(A) The splash screen of the plugin showing the different parameters; (B) the ConsensusPathDB visual style where reproduced interactions are weighted by evidence and novel interactions are highlighted in green; (C) newly imported attributes of a selected ...

The performance of the interaction matching depends critically on how well proteins in the query network are annotated with accession numbers. In the case that accession numbers are not available, the user is prompted to specify whether the node labels represent accession numbers of a certain type. The interaction matching performance is influenced by two parameters, ‘protein annotation matching’ (strict/fuzzy) and ‘interaction cardinality matching’ (strict/allow containment). Strict protein annotation matching denotes that a protein from the query network and a protein from the database are considered identical only if all identifiers of a type match. Fuzzy matching means that the identifiers of the query protein may form a sub-set of the identifiers of the database counterpart or vice versa. Fuzzy matching is useful, e.g. when proteins on the one side are compared with protein families on the other side. The ‘interaction cardinality matching’ parameter specifies whether the binary interactions from the query network should be matched only with binary interactions from the database network (strict matching) or whether they may be matched to complex interactions, i.e. interactions of more than two proteins that contain the binary interactions. More details about protein and interaction mapping can be found in the Supplementary Material to this paper.

After matching proteins and interactions, the web service server sends annotation attributes for matched query interactions in the form of publication references (Pubmed identifiers), interaction detection methods, database references (such as IntAct and MINT) and pathway annotations (i.e. pathways that contain both participants of a protein–protein interaction) to the client plugin. The plugin creates a custom visual style in Cytoscape where the thickness of interaction edges reflects (optionally) the number of publications, number of containing interaction databases, number of distinct detection methods, or number of containing pathways for the protein interaction (Fig. 1B). Interactions that are not found in the repository, and thus represent potential novel interactions, are highlighted in green. In the results tab of Cytoscape, an interaction mapping summary is displayed together with a legend. The interaction attributes that have been retrieved from ConsensusPathDB can be viewed for selected interactions under the ‘Interaction details’ tab of the results panel (Fig. 1C). If applicable, this information is provided as web links to the primary data and can be viewed in a web browser.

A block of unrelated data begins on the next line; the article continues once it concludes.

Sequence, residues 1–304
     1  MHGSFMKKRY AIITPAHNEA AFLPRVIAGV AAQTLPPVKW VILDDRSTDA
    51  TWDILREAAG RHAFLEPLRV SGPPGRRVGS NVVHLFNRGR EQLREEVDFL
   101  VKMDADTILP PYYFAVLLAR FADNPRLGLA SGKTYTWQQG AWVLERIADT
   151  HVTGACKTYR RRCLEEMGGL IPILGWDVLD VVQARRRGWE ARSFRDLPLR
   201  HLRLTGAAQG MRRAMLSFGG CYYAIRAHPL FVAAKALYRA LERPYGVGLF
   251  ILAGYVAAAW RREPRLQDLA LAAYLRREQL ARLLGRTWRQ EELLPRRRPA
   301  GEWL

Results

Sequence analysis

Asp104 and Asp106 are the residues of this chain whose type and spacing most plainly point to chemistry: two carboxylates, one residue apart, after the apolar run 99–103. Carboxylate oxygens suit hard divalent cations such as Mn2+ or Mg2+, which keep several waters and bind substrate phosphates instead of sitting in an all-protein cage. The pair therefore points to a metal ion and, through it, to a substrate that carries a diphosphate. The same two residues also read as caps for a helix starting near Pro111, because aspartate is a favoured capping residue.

Figure 1D shows the performance of the plugin implementation with respect to the mining of interaction annotation for different network sizes. Results show that even for large networks evidence mining executes in minutes, for example ~2 min for a network with 20 000 nodes. It should be noted, however, that the Internet connection speed of the client influences the overall speed of interaction matching.

Funding: Max Planck Society (IMPRS-CBSC); Cytoscape Project (GM070743); European Union's project APO-SYS (HEALTH-F4-2007-200767); BMBF MedSys project PREDICT (0315428A).

Conflict of Interest: none declared.

Supplementary Material

Supplementary Data:


  • Aebersold R, Mann M. Mass spectrometry-based proteomics. Nature. 2003;422:198–207. [PubMed]
  • Chatr-aryamontri A, et al. MINT: the Molecular INTeraction database. Nucleic Acids Res. 2007;35:D572–D574. [PubMed]
  • Ewing RM, et al. Large-scale mapping of human protein-protein interactions by mass spectrometry. Mol. Syst. Biol. 2006;3:89. [PMC free article] [PubMed]
  • Fields S. High-throughput two-hybrid analysis. The promise and the peril. FEBS J. 2005;272:5391–5399. [PubMed]
  • Flicek P, et al. Ensembl's 10th year. Nucleic Acids Res. 2010;38:D557–D562. [PMC free article] [PubMed]
  • Huntley R, et al. IntAct–open source resource for molecular interaction data. Nucleic Acids Res. 2007;35:D561–D565. [PubMed]
  • Ideker T, Sharan R. Protein networks and disease. Genome Res. 2008;18:644–652. [PubMed]
  • Kamburov A, et al. ConsensusPathDB–a database for integrating human functional interaction networks. Nucleic Acids Res. 2009;37:D623–D628. [PMC free article] [PubMed]
  • Rual JF, et al. Towards a proteome-scale map of the human protein-protein interaction network. Nature. 2005;437:1173–1178. [PubMed]
  • Shannon P, et al. Cytoscape: a software environment for integrated models of biomolecular interaction networks. Genome Res. 2003;13:2498–2504. [PubMed]
  • Stelzl U, et al. A human protein-protein interaction network: a resource for annotating the proteome. Cell. 2005;122:957–968. [PubMed]
  • The UniProt Consortium. The Universal Protein Resource (UniProt) in 2010. Nucleic Acids Res. 2010;38:D142–D148. [PMC free article] [PubMed]

Articles from Bioinformatics are provided here courtesy of Oxford University Press